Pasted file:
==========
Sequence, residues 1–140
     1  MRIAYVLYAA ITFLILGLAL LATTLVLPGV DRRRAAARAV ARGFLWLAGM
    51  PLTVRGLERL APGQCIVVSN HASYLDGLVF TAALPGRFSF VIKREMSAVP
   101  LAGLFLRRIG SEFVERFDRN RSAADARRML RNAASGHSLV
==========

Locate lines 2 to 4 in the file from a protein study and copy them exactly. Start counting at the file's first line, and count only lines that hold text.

     1  MRIAYVLYAA ITFLILGLAL LATTLVLPGV DRRRAAARAV ARGFLWLAGM
    51  PLTVRGLERL APGQCIVVSN HASYLDGLVF TAALPGRFSF VIKREMSAVP
   101  LAGLFLRRIG SEFVERFDRN RSAADARRML RNAASGHSLV